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Bad-boy Astros, fun-loving Rays set to face off in ALCS

Houston Astros' Jose Altuve, top, is congratulated by Alex Bregman after hitting a two-run home run against the Oakland Athletics during the seventh inning of Game 4 of a baseball American League Division Series in Los Angeles, Thursday, Oct. 8, 2020. (AP Photo/Ashley Landis)
Houston Astros' Jose Altuve, top, is congratulated by Alex Bregman after hitting a two-run home run against the Oakland Athletics during the seventh inning of Game 4 of a baseball American League Division Series in Los Angeles, Thursday, Oct. 8, 2020. (AP Photo/Ashley Landis) (Copyright 2020 The Associated Press. All rights reserved)

SAN DIEGO – Managed by universally acclaimed good guy Dusty Baker, the Houston Astros remain villains in many people’s eyes for their sign-stealing scandal three years ago.

The Tampa Bay Rays, meanwhile, are a fun-loving bunch that makes the most of their small payroll, including the best record in the American League in the pandemic-shortened season.

The Astros, who got into the playoffs with a losing record, and Rays meet in the postseason for the second straight year beginning on Sunday night, this time in the AL Championship Series at Petco Park.

The Astros are in the ALCS for the fourth straight year, looking for a third trip to the World Series in that span. The Rays are trying to get to their second World Series after losing to the Philadelphia Phillies in 2008.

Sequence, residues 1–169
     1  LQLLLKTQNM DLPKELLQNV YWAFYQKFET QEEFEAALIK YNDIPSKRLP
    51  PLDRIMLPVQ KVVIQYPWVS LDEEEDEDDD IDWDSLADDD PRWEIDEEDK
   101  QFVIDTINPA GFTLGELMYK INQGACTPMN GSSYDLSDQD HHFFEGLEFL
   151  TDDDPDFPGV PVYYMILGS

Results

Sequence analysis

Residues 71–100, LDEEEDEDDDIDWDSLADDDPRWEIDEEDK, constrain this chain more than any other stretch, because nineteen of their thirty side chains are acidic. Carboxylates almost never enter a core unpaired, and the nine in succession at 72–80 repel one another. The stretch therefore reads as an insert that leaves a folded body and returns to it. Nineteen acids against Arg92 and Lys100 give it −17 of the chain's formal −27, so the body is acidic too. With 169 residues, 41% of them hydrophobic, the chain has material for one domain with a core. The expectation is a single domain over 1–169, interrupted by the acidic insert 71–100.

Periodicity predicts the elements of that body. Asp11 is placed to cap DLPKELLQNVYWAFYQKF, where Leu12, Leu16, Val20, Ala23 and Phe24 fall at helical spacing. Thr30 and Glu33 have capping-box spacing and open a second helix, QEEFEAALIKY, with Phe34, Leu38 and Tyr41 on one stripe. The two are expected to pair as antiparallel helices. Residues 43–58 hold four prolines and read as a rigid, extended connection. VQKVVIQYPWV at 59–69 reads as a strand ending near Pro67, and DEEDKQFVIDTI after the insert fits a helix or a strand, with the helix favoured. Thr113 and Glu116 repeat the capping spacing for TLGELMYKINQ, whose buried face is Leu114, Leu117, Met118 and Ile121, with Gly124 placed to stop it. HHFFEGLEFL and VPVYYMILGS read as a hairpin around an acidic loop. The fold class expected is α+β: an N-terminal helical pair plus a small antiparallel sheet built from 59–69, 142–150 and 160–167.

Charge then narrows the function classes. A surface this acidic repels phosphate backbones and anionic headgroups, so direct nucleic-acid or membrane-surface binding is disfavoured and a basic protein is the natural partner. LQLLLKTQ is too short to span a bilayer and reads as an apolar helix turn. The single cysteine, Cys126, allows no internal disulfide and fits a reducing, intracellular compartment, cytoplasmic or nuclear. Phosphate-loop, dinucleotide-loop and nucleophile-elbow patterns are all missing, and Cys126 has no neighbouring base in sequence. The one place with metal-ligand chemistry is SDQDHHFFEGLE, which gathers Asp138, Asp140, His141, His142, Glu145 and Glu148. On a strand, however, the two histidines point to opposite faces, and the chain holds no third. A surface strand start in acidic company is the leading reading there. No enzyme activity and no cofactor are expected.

It's a matchup of left-handers in Game 1, with Houston's Framber Valdez opposing Blake Snell, the 2018 AL Cy Young Award winner.

The Astros are 5-1 in the playoffs after going 29-31 in the regular season. They eliminated AL West champion Oakland in four games in the ALDS at Dodger Stadium.

“Our team understands that in the playoffs, you start over. You start fresh and go from there,” said George Springer, MVP of the 2017 World Series.

The Rays went the distance in the ALDS against the New York Yankees, advancing with a 2-1 victory Friday night on Mike Brosseau’s dramatic eighth-inning home run off Aroldis Chapman.

The Rays lost to Houston in five games in the ALDS last year. The Astros then lost Gerrit Cole to the Yankees via free agency, and Justin Verlander is out after he had Tommy John surgery.

“We respect how talented they are, but they are the team we (took) to Game 5, and we fell short,” Rays manager Kevin Cash said. “That experience probably helped us get to where we are right now, and the irony is that we’re playing them again now over seven games.”

Here are some things to look for:

THE MANAGERS

Baker, 71, is the first manager to lead five different franchises to the postseason, but is still chasing his first World Series title at the helm. He was hired by the Astros in January to replace A.J. Hinch, who was fired in the wake of the team’s cheating scandal. Former Astros pitcher Mike Fiers revealed last year that Houston had used a camera in center field to steal signs and signal hitters on which pitches to expect by banging on a garbage can.